Shutting down the blog, 6:36 p.m.
As I have both Web site and newspaper obligations, I'm shutting down the blog for the night.
Check in here at Bucsblitz.com later for a complete wrapup of the game, which will include my game story and notes, the game summary, grade book and photo galleries. Also, don't forget to stop by the chat room at 10 p.m. EST to talk about the game and what the Bucs need to do next week against Tennessee, and what they may need to do beyond next week to salvage what has been a great start for them.
Bucs get a TD, 6:24 p.m.
The Bucs drove down the field and got a touchdown, courtesy of a pass from Jeff Garcia to Alex Smith. It was their second TD connection of the day. Smith's TDs seem to come in bunches, don't they?
It's 30-14 Colts and the kickoff is coming.
Manning closing in on Unitas, 6:12 p.m.
He won't catch him today, but Peyton Manning needs three touchdown passes to catch Johnny Unitas' Colts franchise mark of 288 touchdown passes.
Colts put it away, 6:10 p.m.
Peyton Manning just hit Reggie Wayne for a touchdown to start the fourth quarter. And I was just thinking Wayne had been quiet most of the day. The Bucs came with a full house blitz and Manning and Wayne just beat Phillip Buchanon in single coverage.
The Colts now have a 23-point lead. The Bucs offense has gone three-and-out five times entering their next possession early in the fourth quarter. The Bucs had five total yards in the third quarter. Ugh.
The Bucs are getting a taste of reality this week. I think the big storyline next week will be whether they can bounce back against a Titans team that is better that you expect, especially on defense.
Time of possession, 6:03 p.m.
The Colts have a near 2-to-1 edge in time of possession as the game prepares to enter the final quarter. The Bucs probably can't get out of Indy fast enough. They won't have to come back until 2015, if my calculations are correct.
This Bucs defense is worn out heading into the fourth quarter. The holes for Colts RB Kenton Keith are becoming cavernous. Keith has 112 total yards as the third quarter winds down.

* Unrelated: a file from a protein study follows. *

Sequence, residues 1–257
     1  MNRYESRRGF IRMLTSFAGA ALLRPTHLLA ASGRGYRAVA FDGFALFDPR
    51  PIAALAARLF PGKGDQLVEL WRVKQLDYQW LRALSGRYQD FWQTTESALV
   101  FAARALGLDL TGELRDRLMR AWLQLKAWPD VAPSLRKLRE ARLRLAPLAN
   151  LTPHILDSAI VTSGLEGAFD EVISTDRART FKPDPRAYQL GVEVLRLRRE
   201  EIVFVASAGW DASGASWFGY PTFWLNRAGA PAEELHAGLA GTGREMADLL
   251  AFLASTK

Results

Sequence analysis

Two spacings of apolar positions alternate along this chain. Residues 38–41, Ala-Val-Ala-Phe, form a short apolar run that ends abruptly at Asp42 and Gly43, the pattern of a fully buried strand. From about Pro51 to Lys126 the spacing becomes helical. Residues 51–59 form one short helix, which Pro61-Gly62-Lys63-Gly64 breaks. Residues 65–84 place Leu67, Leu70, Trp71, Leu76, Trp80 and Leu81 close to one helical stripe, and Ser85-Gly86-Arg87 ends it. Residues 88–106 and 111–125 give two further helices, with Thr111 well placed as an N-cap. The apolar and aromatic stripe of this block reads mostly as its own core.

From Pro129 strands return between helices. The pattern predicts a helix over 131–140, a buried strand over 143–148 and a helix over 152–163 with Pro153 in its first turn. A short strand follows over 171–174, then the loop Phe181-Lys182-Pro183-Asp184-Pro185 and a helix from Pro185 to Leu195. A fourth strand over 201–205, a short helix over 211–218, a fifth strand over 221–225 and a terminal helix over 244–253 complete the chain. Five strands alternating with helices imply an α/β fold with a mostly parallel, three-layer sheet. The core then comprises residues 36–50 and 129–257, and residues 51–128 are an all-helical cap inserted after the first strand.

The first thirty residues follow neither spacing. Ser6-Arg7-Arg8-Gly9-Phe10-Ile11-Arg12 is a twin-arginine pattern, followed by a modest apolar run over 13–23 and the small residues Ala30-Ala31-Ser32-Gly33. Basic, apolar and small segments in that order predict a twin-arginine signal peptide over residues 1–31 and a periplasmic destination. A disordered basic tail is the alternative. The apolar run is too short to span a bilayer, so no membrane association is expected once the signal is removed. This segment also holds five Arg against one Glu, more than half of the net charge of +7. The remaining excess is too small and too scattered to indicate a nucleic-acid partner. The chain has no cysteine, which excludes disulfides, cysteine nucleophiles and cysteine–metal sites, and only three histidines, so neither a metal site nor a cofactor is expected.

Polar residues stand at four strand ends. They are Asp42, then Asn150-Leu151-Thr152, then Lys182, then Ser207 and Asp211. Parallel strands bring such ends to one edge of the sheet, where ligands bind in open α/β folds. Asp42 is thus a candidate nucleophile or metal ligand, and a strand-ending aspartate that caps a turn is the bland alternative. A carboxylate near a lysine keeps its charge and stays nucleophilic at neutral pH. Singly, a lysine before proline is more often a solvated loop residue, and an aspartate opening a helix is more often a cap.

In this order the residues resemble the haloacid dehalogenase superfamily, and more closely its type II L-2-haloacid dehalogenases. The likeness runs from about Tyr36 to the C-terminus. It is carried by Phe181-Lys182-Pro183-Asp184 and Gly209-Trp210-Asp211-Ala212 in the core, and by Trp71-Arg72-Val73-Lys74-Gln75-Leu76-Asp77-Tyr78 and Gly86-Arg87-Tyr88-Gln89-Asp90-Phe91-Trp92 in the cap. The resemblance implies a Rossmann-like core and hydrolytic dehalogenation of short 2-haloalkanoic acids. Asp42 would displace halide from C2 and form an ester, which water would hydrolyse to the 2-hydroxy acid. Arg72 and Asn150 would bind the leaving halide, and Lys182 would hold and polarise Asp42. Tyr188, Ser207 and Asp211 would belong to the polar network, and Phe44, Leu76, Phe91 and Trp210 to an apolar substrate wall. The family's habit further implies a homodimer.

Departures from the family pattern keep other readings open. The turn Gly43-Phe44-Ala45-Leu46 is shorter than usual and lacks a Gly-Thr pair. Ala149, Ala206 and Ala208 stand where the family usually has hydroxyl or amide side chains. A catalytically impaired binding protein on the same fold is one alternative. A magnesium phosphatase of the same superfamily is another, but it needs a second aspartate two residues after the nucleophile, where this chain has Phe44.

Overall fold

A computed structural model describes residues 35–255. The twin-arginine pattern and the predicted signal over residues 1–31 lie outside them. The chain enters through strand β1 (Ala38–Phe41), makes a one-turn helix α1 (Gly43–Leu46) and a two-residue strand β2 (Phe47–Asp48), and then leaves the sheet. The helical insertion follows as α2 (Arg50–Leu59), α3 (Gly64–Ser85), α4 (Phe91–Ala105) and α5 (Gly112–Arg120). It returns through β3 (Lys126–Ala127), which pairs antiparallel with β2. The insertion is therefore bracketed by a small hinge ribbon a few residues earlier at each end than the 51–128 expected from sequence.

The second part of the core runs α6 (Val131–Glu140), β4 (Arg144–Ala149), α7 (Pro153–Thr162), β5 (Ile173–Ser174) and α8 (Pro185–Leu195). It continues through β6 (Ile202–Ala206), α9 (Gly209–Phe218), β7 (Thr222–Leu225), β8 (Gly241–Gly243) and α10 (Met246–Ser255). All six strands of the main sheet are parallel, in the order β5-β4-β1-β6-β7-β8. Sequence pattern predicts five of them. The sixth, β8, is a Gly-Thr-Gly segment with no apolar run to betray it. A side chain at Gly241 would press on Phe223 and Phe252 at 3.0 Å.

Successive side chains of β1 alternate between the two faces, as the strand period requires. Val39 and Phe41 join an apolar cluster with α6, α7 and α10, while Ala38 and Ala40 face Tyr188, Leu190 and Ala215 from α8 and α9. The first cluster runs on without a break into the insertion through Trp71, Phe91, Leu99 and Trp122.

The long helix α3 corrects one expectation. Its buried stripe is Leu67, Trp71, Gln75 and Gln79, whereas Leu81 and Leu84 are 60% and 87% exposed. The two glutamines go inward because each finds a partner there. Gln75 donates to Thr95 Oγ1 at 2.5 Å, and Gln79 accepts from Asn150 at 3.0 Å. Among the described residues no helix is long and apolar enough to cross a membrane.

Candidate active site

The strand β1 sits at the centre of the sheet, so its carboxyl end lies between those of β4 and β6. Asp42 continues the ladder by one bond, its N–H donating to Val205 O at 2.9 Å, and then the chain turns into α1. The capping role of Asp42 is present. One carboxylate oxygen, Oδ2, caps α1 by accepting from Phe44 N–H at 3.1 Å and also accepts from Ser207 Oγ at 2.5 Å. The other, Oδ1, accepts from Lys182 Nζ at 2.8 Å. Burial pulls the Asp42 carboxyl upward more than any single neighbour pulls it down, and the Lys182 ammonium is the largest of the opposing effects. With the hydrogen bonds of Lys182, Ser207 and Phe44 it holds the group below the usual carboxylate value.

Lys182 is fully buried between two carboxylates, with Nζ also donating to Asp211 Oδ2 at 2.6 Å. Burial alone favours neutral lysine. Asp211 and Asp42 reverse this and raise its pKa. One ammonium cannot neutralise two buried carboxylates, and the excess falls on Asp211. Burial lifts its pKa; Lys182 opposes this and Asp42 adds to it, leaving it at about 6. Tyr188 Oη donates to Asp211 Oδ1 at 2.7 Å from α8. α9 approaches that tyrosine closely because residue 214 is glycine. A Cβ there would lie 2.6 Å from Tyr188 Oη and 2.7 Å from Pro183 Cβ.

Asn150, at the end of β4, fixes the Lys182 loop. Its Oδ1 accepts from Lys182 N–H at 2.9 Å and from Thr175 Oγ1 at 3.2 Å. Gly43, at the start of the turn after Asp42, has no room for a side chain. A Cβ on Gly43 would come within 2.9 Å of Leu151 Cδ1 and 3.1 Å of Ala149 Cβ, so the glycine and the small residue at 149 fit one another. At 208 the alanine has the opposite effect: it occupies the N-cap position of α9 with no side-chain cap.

To the fourth quarter we go.
Expect Colts to keep running, 6 p.m.
Since they have a 16-point lead, I would expect the Colts to keep running the football as much as possible. It appears as if Tony Dungy's gamble of keeping Marvin Harrison, Bob Sanders and Joseph Addai inactive is going to pay off. Now all of the injured Colts will get three weeks of rest before their next game, since next week is a bye for the Colts (that number includes this previous week ramping up for the Bucs game, since most of those injured players didn't practice).
It's safe to say the Bucs did not maintain the level of play they have the last three weeks. In fact, this performance may be a big step back in some regards.
BTW, Bucs DE Greg White has a shoulder injury and his return is questionable. He likely won't play as this game is getting out of hand.
What Bucs need to do now, 5:52 p.m.
I'd forget about winning this game if I'm Jon Gruden. What I want do now is make sure my team has some positive momentum going into next week. They need to establish a running game, move the chains and gets some positive yardage. This team excelled the past three weeks by maintaining possession on offense, thanks to a great run game. They need to find a way to get back to that.
The absences of Carnell Williams and Michael Pittman are having a big impact in that regard. Pittman was deemed questionable after his ankle injury, but I've heard nothing more since then.
Colts make it 23-7, 5:50 p.m.
Kenton Keith walked in for a touchdown for the Colts. There were flags on the play, but both penalties — yes both penalties — were against the Bucs. Ronde Barber knew the Bucs were in trouble on that play and tried to call time out, but he didn't get it called in time.
That's like a dagger for the Bucs. Jon Gruden can go ahead and start planning for the Titans, if he likes.
Time of possession key, 5:48 p.m.